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Doing a challenge at work. Managed to get netcat to connect to a server. In /home/SomeUser there is a .ssh folder with the usual suspects:

authorized_hosts 
authorized_keys 
id_rsa
id_rsa.pub
known_hosts
known_hosts.back

My question is, now that I can see this (via netcat) how could I now SSH into the server?

2

You probably can't.

The only information you can get out of this is:

  • id_rsa*: key pair probably created at some point and never used. Even then, the private key is probably passphrase protected.
  • authorized_keys: will list the public keys that can be used to ssh in as that user. If you have access to one of the matching private keys, then great: you're in. Otherwise it doesn't help you much.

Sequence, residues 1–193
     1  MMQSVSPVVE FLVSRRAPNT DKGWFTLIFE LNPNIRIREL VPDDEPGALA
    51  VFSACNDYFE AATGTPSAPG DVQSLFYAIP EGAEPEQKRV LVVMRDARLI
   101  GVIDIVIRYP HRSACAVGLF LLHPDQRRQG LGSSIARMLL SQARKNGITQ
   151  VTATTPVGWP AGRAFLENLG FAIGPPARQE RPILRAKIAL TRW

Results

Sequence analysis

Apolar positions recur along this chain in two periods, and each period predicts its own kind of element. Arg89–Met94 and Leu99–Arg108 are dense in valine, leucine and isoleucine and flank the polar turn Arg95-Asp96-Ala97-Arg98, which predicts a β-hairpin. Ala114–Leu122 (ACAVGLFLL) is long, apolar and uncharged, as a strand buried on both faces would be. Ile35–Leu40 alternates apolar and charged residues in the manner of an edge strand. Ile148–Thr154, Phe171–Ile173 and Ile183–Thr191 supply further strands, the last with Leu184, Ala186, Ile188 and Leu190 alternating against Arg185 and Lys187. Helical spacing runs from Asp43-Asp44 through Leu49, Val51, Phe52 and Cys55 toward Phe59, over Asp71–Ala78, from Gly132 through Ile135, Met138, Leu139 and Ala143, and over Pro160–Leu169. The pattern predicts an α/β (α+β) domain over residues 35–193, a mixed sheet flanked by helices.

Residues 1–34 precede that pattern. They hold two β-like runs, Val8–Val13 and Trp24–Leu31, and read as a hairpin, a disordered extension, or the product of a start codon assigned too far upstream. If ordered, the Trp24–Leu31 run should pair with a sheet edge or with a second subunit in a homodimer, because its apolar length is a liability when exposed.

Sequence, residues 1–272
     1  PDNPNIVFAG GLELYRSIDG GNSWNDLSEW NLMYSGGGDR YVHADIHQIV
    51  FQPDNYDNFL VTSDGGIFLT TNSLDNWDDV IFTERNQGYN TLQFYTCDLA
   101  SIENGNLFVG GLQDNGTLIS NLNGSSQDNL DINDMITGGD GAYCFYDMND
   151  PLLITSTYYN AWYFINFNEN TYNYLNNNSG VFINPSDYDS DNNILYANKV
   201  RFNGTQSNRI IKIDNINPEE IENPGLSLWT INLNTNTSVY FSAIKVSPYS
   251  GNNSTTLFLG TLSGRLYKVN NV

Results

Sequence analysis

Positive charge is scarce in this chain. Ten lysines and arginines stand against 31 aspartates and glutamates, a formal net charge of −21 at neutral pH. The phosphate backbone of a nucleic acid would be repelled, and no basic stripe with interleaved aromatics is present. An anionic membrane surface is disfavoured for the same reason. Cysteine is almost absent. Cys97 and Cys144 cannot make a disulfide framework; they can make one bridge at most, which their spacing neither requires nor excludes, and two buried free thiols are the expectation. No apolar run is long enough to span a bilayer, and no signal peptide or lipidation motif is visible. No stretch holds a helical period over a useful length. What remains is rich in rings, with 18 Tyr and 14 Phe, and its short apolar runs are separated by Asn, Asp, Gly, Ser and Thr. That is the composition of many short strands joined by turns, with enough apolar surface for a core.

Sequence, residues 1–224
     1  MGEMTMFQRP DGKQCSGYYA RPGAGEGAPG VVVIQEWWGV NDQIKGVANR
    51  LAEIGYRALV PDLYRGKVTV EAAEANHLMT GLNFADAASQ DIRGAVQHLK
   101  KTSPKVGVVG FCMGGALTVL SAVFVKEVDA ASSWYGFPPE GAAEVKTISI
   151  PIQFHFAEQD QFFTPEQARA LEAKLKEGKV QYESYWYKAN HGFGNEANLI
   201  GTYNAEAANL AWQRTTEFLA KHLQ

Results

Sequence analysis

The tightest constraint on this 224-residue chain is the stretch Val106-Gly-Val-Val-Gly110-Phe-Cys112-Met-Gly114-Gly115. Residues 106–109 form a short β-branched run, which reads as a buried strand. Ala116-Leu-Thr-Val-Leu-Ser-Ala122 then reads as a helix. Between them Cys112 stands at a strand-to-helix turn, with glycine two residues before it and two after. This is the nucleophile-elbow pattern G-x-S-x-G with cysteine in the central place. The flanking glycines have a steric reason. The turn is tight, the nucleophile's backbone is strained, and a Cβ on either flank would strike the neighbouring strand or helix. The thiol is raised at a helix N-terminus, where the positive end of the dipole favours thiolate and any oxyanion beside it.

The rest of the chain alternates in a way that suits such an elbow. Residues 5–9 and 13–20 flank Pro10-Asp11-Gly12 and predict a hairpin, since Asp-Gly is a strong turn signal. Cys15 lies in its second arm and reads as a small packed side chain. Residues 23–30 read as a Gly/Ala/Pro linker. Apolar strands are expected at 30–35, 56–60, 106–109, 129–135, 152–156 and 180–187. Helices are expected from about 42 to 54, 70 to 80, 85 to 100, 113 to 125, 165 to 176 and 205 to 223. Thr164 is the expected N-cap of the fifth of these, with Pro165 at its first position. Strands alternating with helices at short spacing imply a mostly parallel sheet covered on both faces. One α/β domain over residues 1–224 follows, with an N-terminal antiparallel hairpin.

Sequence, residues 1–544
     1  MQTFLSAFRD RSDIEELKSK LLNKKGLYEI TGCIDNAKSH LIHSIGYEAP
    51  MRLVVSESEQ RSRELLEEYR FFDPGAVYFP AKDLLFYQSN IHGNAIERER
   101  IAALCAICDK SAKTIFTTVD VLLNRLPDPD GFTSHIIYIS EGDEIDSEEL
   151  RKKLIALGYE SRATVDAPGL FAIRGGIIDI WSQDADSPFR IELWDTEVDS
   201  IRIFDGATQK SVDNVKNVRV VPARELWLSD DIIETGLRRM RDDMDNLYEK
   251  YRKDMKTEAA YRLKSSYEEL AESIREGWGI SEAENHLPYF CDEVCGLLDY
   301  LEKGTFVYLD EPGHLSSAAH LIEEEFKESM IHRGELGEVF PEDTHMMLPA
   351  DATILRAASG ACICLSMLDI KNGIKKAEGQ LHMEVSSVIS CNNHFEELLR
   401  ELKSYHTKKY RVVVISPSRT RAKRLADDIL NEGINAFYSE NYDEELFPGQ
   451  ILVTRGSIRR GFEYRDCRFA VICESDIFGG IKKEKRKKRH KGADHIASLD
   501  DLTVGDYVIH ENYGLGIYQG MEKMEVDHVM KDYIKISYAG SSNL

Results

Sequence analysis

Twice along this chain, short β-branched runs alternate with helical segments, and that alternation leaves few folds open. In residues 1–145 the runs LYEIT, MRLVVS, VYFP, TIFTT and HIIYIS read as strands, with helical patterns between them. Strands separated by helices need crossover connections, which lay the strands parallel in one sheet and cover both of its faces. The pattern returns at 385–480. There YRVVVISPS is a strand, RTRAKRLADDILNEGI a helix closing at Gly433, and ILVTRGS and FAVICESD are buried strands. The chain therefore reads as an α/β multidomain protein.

Now, if you could modify any of this (well, you would already be in, wouldn't you?) you could add your public key to authorized_keys.

  • I echo'd my public key to authorized_keys and imported the ppk into putty but it still says the server refused the key – pee2pee Dec 17 '17 at 22:43
  • So you can modify files on the remote host. How is that not already having access to it? – Marc Dec 17 '17 at 22:44
  • As part of the challenge is to connect via SSH – pee2pee Dec 17 '17 at 22:46
  • 3
    Ok, then make sure you 1) added the key in the right format ("ssh-rsa <some big base64 blob> <some identifier>"), 2) passed the right key to putty (I don't know how putty uses keys, I just know plain ssh), 3) tried logging in with the right user. Also make sure you don't modify the permissions on the authorized_keys file or sshd will reject it. – Marc Dec 17 '17 at 22:47
  • @pee2pee - further to Marcs comment key based authentication may be disabled by the server. If you can access the config check it and if necessary modify then restart the server. – Hector Dec 18 '17 at 14:34

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